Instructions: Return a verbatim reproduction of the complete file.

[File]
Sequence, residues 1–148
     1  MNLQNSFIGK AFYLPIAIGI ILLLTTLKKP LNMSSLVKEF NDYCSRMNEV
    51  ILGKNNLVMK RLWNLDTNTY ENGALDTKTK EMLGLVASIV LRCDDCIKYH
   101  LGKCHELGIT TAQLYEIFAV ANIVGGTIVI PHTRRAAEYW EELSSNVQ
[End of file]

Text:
Sequence, residues 1–148
     1  MNLQNSFIGK AFYLPIAIGI ILLLTTLKKP LNMSSLVKEF NDYCSRMNEV
    51  ILGKNNLVMK RLWNLDTNTY ENGALDTKTK EMLGLVASIV LRCDDCIKYH
   101  LGKCHELGIT TAQLYEIFAV ANIVGGTIVI PHTRRAAEYW EELSSNVQ